Chuckanut Ridge now fully owned by bank

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Fri, Jul 22, 2011, 4:52 pm  //  John Servais

Washington Federal has bought out Greenbriar's interest in Chuckanut Ridge. This clears the way for a sale of the 100 plus acres to the city of Bellingham - and the preservation of this valuable wetlands.

This morning on the courthouse steps a foreclosure auction was held and Washington Federal paid itself about $11 million for the 50% share of David Edelstein's portion of Greenbriar's ownership in the property. Sound complicated? This only touches the very basics. Edelstein has reportedly held back the sale of the property by the bank to the city for over a year now.  The bank has been ready to sell the property to the city since taking over the assets of defunct Horizon Bank over a year ago.  Edelstein was a major player in that bank and had millions in loans from the bank - which he has since owed to Washington Federal.  

Mayor Dan Pike will now no doubt put together a purchase deal with the bank for close to $9 million and then seek City Council approval. The property is only worth about $6 million, according to some experts. And whether the council will approve over spending by almost $3 million city tax dollars is another question.  

The auction was a surprise to most of those I contacted today. While there was a little-noticed legal notice in the Herald, there was no reporting in the paper and, indeed, even as I post now there is no information on the Bellingham Herald website.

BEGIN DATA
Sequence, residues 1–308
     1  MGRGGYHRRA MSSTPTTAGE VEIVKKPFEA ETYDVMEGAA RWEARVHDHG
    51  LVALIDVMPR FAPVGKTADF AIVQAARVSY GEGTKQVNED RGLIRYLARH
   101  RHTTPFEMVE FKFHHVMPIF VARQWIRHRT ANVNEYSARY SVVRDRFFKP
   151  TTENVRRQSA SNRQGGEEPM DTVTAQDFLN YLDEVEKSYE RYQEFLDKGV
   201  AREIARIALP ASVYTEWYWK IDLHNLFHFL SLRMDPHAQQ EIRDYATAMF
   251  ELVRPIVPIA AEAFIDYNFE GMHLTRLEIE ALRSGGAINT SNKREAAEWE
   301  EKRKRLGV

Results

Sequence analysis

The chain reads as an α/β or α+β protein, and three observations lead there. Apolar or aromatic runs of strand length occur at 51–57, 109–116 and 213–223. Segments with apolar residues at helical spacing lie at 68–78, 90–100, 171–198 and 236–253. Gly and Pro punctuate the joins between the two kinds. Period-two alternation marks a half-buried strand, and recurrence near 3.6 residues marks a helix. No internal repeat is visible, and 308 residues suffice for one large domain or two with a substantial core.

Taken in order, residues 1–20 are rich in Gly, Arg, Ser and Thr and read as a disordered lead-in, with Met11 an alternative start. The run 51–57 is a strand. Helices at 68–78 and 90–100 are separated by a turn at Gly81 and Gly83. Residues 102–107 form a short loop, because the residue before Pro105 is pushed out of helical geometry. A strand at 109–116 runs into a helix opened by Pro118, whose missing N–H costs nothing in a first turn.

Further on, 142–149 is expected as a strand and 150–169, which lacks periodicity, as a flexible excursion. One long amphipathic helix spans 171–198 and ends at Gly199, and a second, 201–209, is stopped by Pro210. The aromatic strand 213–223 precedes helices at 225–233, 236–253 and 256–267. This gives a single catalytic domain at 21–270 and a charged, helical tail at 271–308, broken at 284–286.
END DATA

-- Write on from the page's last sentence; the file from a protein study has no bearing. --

If others have more information on all this, please feel free to comment and help us all learn more. 

Robert P. Gibb  //  Sun, Jul 24, 2011, 1:11 am

John, my comments about Chuckanut Ridge (CR) are as President of the Chuckanut Mountains Park District Advisory Committee. Yes, we are still alive but without much resource.  We have played a role in the CR saga, communicating with the FDIC as Horizon collapsed, and with Washington Federal (WF). We have monitored their successful foreclosure, their lawsuits and counter suites with Edelstein, and the fascinating redundant process of sale of the property to themselves in the court house atrium above the steps where there were several other sales going on at the same time.

We have met with several City Council members,  President Shepard at WWU, and Mayor Pike relative to setting up joint ownership of CR much like the Sehome Arboretum, between the City and WWU.  Our pitch is that the City pay whatever it can negotiate with the bank for half of the title.  The other half will be donated by WF as a charitable donation to the WWU Foundation. Naming rights might be included.  WF is concerned that the FDIC will/may object but I have discussed this with the FDIC legal counsel and off the top, he saw no problem as long as it is standard banking practices.  From my perspective gifting a forested wetland to an educational institution for teaching and research purposes is far more socially redeeming than funding a baseball or football stadium for a bunch of professional athletes and private owners to make their personal fortunes.